Analysis of Heterogeneity in Survival Benefit of Immunotherapy in Oncology According to Patient Demographics and Performance Status: A Systematic Review and Meta-Analysis of Overall Survival Data

Mohit Butaney, Raj Satkunasivam, Hanan Goldberg, Stephen J. Freedland, Sandip P. Patel, Omid Hamid, Sumanta K. Pal, Zachary Klaassen, Christopher J.D. Wallis

Research output: Contribution to journalArticle


Objectives:Immunotherapy (IO) has become standard of care (SOC) for many advanced malignancies, although identifying patients likely to benefit remains difficult. We sought to assess whether demographic factors are associated with response to IO, compared with SOC systemic therapy, using stratified meta-Analysis.Methods:A systematic review of MEDLINE, PubMed, Embase, and Scopus from inception to October 2, 2018. Randomized controlled trials comparing IO to SOC in patients with advanced solid organ malignancies were included if results were stratified by age, performance status (PS), or race, assessing overall survival (OS). Pooled hazard ratios (HRs) and 95% confidence intervals (CIs) were calculated for each group using random-effects models independently.Results:We identified 21 eligible randomized controlled trials, including 20 stratified by age, 17 by PS, and 4 by race. Patients with PS 0 (HR, 0.74; 95% CI, 0.63-0.86) and PS≥1 (HR, 0.75; 95% CI, 0.68-0.83) had similar OS benefits from IO compared with SOC (P=0.80). There was no difference on the basis of patient race (white vs. nonwhite) (P=0.46). IO demonstrated an OS benefit for younger (below 65 y: HR, 0.73; 95% CI, 0.65-0.82) and older (65 y and above: HR, 0.79; 95% CI, 0.71-0.88) patients with no difference between age groups (P=0.27). Among prespecified subgroup analyses, there was significant effect modification in 2 subgroups: younger patients in the first-line setting (P=0.03) and those receiving anti-CTLA-4 drugs (P=0.05).Conclusions:When examining OS using stratified meta-Analysis, we did not demonstrate significant differences in IO efficacy according to patient age, PS or race, though data on race were sparse.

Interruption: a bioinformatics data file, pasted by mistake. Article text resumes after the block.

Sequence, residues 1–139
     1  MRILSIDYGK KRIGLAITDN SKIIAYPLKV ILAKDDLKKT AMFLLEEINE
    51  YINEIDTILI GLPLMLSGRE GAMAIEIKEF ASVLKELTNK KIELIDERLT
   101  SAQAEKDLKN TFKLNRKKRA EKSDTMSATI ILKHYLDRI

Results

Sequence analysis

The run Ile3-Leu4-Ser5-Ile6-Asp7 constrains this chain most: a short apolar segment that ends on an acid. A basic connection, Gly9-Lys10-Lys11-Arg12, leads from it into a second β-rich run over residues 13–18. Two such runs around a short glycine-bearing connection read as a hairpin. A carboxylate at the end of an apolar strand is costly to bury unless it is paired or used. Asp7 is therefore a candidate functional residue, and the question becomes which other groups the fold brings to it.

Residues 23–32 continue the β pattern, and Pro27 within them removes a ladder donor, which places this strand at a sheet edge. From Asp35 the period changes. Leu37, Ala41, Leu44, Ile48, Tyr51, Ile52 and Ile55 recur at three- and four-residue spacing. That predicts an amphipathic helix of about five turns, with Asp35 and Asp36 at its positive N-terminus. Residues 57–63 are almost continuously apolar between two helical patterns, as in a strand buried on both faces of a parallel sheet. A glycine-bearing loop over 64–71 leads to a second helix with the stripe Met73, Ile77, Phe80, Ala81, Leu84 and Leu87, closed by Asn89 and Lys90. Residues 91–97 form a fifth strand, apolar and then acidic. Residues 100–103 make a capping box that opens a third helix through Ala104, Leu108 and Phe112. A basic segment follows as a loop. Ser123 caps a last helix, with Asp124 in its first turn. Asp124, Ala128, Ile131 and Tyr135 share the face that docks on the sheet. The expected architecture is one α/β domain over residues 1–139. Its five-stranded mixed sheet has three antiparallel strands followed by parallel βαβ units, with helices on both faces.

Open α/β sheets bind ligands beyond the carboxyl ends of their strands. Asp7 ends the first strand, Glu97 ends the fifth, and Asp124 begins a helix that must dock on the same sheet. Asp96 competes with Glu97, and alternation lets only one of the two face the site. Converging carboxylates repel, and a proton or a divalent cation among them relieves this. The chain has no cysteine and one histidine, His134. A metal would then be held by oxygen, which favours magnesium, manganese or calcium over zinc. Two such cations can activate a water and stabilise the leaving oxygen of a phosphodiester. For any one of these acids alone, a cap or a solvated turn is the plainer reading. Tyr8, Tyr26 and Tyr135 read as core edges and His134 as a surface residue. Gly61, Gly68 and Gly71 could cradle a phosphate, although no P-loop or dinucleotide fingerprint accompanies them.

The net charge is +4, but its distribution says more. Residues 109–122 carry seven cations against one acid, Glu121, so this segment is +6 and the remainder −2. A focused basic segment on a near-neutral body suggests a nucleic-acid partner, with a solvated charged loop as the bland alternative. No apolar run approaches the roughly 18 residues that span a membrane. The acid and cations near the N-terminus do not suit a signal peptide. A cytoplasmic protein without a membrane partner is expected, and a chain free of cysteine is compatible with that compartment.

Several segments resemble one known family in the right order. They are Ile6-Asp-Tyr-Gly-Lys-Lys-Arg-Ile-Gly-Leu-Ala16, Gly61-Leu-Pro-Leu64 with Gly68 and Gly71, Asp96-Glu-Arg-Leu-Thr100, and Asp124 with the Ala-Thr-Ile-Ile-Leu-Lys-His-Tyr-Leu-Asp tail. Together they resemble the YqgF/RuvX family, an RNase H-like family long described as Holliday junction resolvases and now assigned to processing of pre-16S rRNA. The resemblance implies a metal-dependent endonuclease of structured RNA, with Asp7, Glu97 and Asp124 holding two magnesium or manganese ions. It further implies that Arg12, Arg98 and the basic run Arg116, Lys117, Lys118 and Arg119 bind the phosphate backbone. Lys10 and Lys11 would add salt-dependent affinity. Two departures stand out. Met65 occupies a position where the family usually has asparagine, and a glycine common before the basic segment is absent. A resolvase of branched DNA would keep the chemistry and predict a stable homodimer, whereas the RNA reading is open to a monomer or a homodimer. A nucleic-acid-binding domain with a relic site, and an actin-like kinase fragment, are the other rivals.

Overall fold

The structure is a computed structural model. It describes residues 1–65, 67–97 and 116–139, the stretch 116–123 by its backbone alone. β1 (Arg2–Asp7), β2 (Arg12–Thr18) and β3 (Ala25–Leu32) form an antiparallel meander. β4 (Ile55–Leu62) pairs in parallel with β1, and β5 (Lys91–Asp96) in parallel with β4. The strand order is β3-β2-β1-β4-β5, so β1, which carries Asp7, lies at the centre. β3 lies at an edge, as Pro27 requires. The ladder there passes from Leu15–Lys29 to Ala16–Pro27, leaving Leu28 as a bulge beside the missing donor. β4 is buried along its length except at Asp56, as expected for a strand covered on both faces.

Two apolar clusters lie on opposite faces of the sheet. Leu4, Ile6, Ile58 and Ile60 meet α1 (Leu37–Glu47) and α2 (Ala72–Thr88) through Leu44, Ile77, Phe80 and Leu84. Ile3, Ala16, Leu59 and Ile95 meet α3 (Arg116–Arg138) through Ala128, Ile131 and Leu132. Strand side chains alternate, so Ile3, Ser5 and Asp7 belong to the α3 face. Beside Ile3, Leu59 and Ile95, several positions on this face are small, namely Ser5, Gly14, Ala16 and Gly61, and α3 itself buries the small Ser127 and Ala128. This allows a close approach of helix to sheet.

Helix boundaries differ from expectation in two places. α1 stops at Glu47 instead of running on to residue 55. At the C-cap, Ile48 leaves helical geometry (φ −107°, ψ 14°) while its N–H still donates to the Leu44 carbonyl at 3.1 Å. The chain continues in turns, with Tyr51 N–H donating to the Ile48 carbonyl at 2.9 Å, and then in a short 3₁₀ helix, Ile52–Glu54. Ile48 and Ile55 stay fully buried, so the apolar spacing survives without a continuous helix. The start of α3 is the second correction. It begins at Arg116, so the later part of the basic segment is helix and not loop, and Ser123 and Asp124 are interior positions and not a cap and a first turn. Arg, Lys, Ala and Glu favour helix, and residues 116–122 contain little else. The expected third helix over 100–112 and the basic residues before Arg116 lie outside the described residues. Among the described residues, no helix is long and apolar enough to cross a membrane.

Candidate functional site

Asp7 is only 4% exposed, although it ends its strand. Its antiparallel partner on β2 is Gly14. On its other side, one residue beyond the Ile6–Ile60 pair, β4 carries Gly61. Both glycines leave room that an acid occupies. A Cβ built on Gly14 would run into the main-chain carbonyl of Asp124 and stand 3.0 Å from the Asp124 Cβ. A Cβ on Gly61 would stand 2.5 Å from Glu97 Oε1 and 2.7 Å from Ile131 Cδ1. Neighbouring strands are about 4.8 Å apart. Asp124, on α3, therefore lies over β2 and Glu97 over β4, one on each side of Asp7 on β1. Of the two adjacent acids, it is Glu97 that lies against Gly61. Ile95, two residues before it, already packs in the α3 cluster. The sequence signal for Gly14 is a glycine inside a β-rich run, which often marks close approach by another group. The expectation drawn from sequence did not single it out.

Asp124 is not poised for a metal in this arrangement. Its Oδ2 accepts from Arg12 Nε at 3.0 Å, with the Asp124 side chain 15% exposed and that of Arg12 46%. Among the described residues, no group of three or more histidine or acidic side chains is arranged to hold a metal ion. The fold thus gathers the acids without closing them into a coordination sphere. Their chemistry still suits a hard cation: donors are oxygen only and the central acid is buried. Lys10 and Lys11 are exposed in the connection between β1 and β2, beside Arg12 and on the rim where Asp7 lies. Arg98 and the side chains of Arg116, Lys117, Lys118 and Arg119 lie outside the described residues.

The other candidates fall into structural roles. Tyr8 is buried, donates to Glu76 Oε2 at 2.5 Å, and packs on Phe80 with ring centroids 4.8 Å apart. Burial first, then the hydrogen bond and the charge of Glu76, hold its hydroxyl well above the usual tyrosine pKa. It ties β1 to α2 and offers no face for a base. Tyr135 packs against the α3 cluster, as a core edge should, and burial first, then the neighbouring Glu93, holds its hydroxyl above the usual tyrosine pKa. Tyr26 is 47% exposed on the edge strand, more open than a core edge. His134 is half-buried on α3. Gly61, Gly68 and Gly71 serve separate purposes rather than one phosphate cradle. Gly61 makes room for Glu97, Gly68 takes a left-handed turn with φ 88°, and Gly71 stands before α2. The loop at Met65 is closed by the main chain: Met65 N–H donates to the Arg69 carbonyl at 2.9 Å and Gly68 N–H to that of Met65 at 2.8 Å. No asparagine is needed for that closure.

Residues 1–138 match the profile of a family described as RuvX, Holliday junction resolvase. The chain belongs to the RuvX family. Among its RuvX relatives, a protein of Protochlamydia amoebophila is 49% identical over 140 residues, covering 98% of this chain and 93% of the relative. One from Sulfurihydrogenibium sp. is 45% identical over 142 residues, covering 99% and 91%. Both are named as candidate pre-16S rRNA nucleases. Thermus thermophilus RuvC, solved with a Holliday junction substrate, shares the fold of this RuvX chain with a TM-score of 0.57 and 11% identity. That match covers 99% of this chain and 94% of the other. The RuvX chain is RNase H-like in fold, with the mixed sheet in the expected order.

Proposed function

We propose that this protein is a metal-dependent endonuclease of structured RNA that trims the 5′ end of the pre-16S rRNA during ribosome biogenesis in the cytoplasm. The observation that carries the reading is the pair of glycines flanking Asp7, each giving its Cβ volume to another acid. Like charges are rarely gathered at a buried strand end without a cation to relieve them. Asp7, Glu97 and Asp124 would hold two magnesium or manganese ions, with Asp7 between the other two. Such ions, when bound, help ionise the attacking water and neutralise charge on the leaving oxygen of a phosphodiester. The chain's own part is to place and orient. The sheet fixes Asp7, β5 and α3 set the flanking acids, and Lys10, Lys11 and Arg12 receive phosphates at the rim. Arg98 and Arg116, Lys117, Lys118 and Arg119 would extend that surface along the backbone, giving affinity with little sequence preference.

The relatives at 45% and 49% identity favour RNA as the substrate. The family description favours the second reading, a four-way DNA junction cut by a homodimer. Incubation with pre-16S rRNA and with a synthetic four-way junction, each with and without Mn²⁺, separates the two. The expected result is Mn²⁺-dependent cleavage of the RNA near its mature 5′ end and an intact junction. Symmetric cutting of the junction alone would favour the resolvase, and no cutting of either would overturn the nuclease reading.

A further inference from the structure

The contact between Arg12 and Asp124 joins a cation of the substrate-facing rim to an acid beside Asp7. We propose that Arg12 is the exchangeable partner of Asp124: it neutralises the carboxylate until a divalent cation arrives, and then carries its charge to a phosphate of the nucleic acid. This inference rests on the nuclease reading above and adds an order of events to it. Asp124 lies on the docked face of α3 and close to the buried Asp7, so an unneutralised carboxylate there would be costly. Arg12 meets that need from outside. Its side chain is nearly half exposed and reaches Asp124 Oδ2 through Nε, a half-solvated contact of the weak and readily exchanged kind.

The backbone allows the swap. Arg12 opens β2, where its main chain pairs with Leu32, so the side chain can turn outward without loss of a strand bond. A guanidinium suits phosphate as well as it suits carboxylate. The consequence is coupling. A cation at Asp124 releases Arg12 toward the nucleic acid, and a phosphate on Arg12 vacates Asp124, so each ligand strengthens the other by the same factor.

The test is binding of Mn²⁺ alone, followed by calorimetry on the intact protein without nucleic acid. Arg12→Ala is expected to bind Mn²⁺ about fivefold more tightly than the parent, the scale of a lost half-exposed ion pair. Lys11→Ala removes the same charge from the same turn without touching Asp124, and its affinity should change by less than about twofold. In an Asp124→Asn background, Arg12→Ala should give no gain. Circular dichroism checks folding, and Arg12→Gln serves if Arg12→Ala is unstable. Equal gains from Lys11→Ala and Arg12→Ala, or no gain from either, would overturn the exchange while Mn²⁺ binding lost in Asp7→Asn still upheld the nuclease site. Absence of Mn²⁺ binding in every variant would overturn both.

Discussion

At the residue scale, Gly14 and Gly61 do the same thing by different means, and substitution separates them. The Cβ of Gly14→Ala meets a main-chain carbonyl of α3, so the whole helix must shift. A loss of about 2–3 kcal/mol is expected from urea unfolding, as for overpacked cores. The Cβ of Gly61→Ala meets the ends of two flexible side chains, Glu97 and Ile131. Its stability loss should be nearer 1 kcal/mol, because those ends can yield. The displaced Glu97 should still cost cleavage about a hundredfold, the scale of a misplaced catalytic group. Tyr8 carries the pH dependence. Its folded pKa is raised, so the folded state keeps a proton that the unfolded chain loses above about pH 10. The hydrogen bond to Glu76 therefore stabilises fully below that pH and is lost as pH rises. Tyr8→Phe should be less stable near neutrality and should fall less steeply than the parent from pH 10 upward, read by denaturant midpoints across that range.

Original languageEnglish (US)
Pages (from-to)193-202
Number of pages10
JournalAmerican Journal of Clinical Oncology: Cancer Clinical Trials
Issue number3
StatePublished - Mar 1 2020



  • age
  • immunotherapy
  • medical oncology
  • performance status
  • race
  • randomized controlled trials

ASJC Scopus subject areas

  • Oncology
  • Cancer Research

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